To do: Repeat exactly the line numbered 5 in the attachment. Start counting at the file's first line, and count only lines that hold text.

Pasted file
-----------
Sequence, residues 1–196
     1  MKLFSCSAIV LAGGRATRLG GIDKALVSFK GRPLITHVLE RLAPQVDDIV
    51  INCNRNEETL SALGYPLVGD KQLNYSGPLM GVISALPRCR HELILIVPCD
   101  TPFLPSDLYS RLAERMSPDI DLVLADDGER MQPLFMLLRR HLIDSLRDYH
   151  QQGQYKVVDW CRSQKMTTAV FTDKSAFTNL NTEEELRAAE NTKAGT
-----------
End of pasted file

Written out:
   151  QQGQYKVVDW CRSQKMTTAV FTDKSAFTNL NTEEELRAAE NTKAGT